never had a issue with smaller studs, even on my offroader , no ones ever complained

#12 tallwelder81

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Posted 16 July 2011 - 09:21 PM

how does the whole "pitchstopper" rig work?

is that totally fabricated? or does it ummm-----tie into the spare tire mount, maybe>?

anyone have pics? i know this is a somewhat dated thread. and i realize that its not specifically about the pitchstopper. but they are at least semi-related.

also, does anyone have SPECIFIC and exact lengths of the studs to the plates?

#13 GeneralDisorder

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Posted 17 July 2011 - 08:27 AM

The pitch stopper is always a fabricated beast. And it depends highly on what body the adaptor plate will be used on.

The studs don't need to be any specific length - just measure how thick the bell-housing of the engine or tranny (whichever is applicable for the hole) is at that point and make it about 1.25" to 1.5" longer to account for the thickness of the adaptor plate and enough extra to thread on a washer/nut combo.

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#14 WoodsWagon

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Posted 17 July 2011 - 12:01 PM

Use a pitch stopper bracket from a phase 1 (pre 99) EJ 5mt. It bolts to the top of the d/r EA transmission just fine. You will need a shorter pitch stopper rod if you're stock height, if you have a 3" crossmember drop the EJ pitch stopper will work too.

#15 Crazyeights

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Posted 17 July 2011 - 04:59 PM

The adapter plate in addition to providing a bolt in no-drilling solution also has locations for both EA and EJ dowels to lock the engine and trans in proper alignment. Your solution of 4 nuts might work but it does not guarantee proper alignment, not to mention the lost surface area when clamping the 2 together. If it works for you then by all means keep doing it. I wouldn't knock SJR's products though. They are top quality and well respected here.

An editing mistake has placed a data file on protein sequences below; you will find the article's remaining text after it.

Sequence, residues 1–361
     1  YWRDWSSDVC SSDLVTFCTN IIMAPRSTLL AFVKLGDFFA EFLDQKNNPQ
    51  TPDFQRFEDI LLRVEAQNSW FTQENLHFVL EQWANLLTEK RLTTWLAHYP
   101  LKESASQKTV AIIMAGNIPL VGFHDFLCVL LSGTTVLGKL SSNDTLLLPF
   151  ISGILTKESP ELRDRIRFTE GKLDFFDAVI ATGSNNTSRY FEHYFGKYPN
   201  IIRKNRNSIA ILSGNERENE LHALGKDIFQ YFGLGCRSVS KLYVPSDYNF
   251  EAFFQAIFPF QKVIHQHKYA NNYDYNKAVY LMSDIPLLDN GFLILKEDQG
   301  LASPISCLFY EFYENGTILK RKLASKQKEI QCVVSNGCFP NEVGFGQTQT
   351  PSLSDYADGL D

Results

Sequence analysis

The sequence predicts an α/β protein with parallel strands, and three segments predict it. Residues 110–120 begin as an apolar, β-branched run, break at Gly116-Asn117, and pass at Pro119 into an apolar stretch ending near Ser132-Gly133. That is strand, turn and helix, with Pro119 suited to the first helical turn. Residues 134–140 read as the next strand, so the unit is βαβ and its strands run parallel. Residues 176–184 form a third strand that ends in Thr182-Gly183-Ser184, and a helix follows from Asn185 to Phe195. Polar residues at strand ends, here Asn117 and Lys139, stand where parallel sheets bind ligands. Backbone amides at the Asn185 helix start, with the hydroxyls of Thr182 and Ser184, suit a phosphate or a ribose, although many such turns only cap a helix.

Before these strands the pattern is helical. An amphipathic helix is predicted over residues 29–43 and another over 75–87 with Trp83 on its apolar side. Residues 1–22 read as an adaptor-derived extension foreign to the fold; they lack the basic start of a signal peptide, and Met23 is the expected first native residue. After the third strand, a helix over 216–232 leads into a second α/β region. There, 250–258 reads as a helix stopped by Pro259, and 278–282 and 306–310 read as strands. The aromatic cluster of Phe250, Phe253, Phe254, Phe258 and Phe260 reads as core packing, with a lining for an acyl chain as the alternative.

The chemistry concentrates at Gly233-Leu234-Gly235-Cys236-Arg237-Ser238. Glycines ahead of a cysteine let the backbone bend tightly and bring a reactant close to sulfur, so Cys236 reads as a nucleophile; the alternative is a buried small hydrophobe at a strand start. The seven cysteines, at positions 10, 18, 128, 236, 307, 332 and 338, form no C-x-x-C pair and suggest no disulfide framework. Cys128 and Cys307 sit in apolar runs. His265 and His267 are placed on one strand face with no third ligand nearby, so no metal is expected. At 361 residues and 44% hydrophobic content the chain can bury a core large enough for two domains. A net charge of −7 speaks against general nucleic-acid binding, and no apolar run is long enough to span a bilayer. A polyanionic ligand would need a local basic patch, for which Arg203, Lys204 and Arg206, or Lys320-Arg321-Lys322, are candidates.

#16 GeneralDisorder

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Posted 17 July 2011 - 06:37 PM

Your method does not guarantee proper input shaft alignment. You may choose to do it that way and it may work for you. That's fine. Many of us prefer to have more precise and immutable alignment between the two entities using the dowel pin locations provided on each. That is our choice.

You have made your point clear. But it is the *opinion* of myself and probably many of the mods here as well as the members that your method is dangerous to preace to others as they may not utilize the concept correctly or with enough degree of accuracy based on your small, single sentance description to effectively accomplish a mating of EA and EJ components that will not result in damage to one or both.

It is very likely that your poor communication skill and your personal attacks will in fact get your banned (again). Perhaps you can create a post or a web page somewhere that details this concept more fully - the how's and the why's - in order to show that it works and is safe - if it is and if that's possible to do so.

GD

#17 WoodsWagon

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Posted 19 July 2011 - 09:19 PM

I'm annoyed to find that my post was deleted along with the garbage that spliff was spewing, seeing as I gave some good information. Baby getting chucked with the bathwater ect. So I'll repeat it:

The dowel pins are not there to stop the engine and transmission from shifting once it's all put together. The static friction between the surfaces of the bellhousing halfs where they're clamped together by the bolts is what does that. What the dowel pins do is align the crankshaft and the transmission input shaft so they are spinning on the same centerline. If that alignment isn't set by the dowel pins, then the crank bearings and transmission input bearings are running under a side load all the time. They aren't built for that, and the splash lubricated transmission bearings will fail first. While running without dowel pins will work at first, the transmission will soon begin to howl/whirr/growl while being driven and when in neutral with you foot off the clutch.

If you want to build an adapter plate on the cheap, go to a local tech college and talk to the machining department. They're often willing to do small simple projects like that, and punching 10 holes in the right place in a 1/2 plate is easy with a milling machine. I have a printout of the coordinates and sizes of the holes needed from when I did my adapter plate. Take it home and cut out the plate to match the bellhousings and you have your precise adapter plate for cheap.